By JUDY WEST
Length of Service:
When Kristine Billmyer joined Penn’s payroll more than 20 years ago she felt she had “just entered the gates of heaven.” Hired to teach English as a second language in the English Language Programs (ELP) division of CGS, Billmyer loved teaching. She also realized that Penn, with its strength in applied linguistics, was the perfect place to pursue her Ph.D.
“The application of the study of second language acquisition to what I was doing in the classroom every day led to other things.” Those other things included designing new courses and, as director (and later executive director) of ELP, revamping the entire Intensive Program curriculum.
Billmyer’s leadership skills—navigating ELP through the collapse of the Asian economy and the aftermath of 9/11—were noticed, and last summer she was tapped to serve as interim director of the College of General Studies. In January, she was named Associate Dean.
Q. What is it about teaching English as a foreign language that has held your interest for so long?
A. I was a foreign language major myself and I realized that to become competent in a second language it’s fairly easy to get through the beginning stages but then to acquire a real communicative ability, that’s a whole other level of language learning. That fascinated me, and my dissertation was about whether instruction can improve the rate of acquisition of pragmatic competence. In fact, it can.
Q. What is pragmatic competence?
A. Here’s a good example. Most people believe when you’re complimented the appropriate response is “Thank you.” In fact sociolinguistic research has shown that for Americans at least that’s not the typical response. The typical reply is a deflection. “Oh, I got it at Lord and Taylor,” or “My mother gave it to me,” because to say thank you means you’re agreeing with the praise and there are socio-pragmatic rules that say you shouldn’t engage in self-praise. Rules differ very widely from culture to culture and it’s difficult for learners to know what to do with compliments.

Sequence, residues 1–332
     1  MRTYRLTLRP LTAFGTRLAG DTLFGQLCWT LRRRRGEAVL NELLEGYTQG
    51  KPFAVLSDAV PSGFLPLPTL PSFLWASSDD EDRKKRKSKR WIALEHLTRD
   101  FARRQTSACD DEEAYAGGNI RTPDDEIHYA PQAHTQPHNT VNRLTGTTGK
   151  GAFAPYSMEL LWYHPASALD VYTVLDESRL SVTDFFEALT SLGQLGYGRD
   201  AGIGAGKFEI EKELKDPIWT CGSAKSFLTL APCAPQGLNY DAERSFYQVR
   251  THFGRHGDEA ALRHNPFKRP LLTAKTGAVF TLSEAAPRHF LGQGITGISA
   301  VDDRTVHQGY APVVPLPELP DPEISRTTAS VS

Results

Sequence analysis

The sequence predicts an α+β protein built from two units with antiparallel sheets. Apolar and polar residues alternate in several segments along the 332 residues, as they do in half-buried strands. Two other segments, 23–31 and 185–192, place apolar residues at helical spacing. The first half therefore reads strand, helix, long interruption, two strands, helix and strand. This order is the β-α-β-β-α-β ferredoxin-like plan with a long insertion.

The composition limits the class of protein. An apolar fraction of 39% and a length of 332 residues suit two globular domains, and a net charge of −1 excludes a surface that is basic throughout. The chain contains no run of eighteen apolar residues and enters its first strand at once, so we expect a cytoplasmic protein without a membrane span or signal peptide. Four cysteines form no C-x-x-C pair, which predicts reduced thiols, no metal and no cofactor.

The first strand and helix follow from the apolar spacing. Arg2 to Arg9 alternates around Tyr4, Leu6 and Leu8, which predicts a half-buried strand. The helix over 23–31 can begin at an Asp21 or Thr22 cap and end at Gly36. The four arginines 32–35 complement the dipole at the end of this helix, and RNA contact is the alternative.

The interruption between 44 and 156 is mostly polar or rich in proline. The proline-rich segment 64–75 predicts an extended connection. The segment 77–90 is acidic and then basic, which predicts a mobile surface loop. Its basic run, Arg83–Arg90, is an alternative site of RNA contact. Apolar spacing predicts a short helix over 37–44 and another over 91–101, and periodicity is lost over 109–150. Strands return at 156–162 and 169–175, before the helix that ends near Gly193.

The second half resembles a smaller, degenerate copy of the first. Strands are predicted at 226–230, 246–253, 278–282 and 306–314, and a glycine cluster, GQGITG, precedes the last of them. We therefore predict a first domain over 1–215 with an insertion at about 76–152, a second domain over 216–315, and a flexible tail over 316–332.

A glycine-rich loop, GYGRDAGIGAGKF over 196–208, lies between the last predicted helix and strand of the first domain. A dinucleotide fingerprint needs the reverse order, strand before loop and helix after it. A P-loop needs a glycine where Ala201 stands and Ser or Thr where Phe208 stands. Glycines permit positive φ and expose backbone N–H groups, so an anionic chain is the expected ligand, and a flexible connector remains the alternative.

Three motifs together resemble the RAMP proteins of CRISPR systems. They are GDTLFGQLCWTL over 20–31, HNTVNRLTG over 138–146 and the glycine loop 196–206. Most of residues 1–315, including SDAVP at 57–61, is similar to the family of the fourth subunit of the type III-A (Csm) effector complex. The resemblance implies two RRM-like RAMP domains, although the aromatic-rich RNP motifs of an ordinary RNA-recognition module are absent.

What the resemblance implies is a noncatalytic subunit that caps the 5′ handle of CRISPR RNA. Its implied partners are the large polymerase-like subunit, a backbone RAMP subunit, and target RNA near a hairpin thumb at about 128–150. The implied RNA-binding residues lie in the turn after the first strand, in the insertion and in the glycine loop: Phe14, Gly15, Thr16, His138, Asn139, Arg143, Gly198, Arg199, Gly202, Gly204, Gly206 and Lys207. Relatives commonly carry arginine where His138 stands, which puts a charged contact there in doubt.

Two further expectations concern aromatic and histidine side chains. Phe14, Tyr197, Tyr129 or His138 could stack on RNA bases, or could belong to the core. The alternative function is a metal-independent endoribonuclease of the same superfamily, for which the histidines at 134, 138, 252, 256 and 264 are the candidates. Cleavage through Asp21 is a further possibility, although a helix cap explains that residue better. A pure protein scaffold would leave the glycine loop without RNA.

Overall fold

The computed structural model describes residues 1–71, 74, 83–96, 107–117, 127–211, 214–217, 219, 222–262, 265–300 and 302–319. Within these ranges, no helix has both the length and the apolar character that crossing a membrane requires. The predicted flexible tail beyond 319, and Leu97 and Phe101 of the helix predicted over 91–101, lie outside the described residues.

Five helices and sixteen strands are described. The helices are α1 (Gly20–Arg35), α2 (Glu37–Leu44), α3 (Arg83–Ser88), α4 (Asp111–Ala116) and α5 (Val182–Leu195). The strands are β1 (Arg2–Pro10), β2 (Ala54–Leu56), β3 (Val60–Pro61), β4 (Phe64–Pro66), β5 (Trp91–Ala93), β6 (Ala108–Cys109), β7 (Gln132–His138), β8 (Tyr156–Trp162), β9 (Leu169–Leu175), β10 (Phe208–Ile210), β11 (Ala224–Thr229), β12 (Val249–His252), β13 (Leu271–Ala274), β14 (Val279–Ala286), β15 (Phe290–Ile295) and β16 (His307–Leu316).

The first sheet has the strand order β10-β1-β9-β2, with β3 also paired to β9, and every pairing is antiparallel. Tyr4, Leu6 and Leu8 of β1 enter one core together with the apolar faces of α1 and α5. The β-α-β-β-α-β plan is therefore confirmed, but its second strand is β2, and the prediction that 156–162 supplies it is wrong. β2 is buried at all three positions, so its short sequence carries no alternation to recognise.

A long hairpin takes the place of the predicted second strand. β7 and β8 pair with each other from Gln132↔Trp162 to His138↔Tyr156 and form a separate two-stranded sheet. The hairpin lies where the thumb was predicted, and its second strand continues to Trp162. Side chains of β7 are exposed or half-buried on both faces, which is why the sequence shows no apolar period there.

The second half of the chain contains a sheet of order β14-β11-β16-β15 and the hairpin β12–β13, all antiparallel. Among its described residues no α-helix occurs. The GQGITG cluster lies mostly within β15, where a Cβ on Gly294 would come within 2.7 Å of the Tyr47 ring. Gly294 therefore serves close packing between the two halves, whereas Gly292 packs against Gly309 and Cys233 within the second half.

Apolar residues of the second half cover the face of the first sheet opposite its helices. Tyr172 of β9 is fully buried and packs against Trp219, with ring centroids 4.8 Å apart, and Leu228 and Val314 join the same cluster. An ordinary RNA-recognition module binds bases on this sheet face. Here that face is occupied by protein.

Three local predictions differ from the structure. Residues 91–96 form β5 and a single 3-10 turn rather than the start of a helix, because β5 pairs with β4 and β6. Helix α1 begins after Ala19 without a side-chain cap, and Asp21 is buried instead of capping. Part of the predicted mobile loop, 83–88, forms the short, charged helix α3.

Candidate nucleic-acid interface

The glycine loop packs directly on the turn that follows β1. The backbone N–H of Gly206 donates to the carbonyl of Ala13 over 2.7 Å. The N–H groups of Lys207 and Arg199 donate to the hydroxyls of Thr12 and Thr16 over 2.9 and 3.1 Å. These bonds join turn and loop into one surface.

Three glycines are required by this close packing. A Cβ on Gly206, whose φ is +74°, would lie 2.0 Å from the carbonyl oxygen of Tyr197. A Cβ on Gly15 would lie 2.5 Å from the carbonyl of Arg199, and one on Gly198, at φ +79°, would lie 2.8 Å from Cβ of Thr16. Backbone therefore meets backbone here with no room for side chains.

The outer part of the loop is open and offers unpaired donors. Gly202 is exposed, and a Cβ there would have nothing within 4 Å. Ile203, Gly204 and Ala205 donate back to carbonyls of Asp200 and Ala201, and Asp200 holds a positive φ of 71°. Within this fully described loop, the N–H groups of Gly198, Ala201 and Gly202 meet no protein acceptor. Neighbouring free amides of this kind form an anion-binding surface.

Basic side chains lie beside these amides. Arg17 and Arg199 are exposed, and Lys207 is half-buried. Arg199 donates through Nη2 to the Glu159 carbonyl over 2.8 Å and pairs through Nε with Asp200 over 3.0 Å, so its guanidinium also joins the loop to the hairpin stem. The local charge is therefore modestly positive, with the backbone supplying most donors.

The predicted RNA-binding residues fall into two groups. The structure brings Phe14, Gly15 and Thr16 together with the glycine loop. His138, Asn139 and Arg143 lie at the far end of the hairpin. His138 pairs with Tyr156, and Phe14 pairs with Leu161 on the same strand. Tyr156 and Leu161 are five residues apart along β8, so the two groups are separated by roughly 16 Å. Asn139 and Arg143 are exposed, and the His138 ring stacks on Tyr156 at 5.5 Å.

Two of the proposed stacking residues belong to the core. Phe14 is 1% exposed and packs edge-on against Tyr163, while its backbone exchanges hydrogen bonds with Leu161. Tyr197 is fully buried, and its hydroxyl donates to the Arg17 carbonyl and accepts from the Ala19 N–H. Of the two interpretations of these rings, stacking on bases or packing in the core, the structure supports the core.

Q. How did you progress from ELP to being associate dean of CGS?
A. It wasn’t so much a progression as a leap, although as director of ELP I moved from the focus on curriculum development … into becoming director and having some real challenges in terms of leadership, such as the Asian financial crisis when so many Asian economies collapsed and suddenly enrolment in our programs dipped precipitously. We had to look long and hard at what we were doing and make sure we didn’t allow ourselves to be so vulnerable to a single region of the world. … And that made me develop another interest—leadership and good management. I wasn’t leaving ELP so much as embracing something larger.
Q. What are some of the challenges CGS faces?
A. Nowadays what seems to be the hottest areas for students who are coming back to the academy are business and management and that could be a hardship for a school of arts and sciences but I actually think it’s a tremendous opportunity when you think about the fact that the school is really the intellectual center of Penn and it can very easily connect with the professional schools. That has tremendous appeal to the kinds of students we’re likely to attract, who tend to be working professionals who are motivated by a real sense of purpose and a sense of urgency. They need knowledge. They may be working in a knowledge industry where the knowledge is changing very quickly. That’s so true in bioscience, in medicine, in physics and so on, and what better place than a school of arts and sciences to come back for that kind of renewed knowledge? There are also interesting things happening in the world of psychology right now and CGS is developing programs in applied psychology with our School of Social Policy and Practice partners. Knowledge is being created [throughout the University] and CGS is the point where it can then be delivered in an applied format to people.
Q. What’s a typical CGS student?
A. Many of them are our own alumnae and they’re alumnae of other elite institutions. They’re intelligent people who are devoted to their workplace, their families, their communities. They have this practical and applied bent so when they’re coming into the classroom they’re bringing a wealth of knowledge and a thoughtful approach to learning.
Q. So this is an exciting time for CGS?
A. There are times when you know this is the moment when you really have to do it and not let this opportunity go by. We have a new president, a new provost, a new dean of arts and sciences. Everyone’s thinking about the next thing we’re all going to do. I believe that having Penn provide increased opportunities for these students who are working professionals, who want to come to Penn, now is the time to do that.
Originally published on September 8, 2005